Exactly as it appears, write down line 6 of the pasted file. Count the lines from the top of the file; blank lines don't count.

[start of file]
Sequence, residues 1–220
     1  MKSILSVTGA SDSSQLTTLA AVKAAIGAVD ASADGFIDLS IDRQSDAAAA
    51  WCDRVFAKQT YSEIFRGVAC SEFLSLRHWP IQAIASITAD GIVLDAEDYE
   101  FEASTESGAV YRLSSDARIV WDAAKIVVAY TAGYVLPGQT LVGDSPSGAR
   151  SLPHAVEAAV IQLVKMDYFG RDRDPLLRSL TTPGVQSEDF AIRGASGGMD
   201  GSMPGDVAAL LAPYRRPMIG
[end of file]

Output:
   201  GSMPGDVAAL LAPYRRPMIG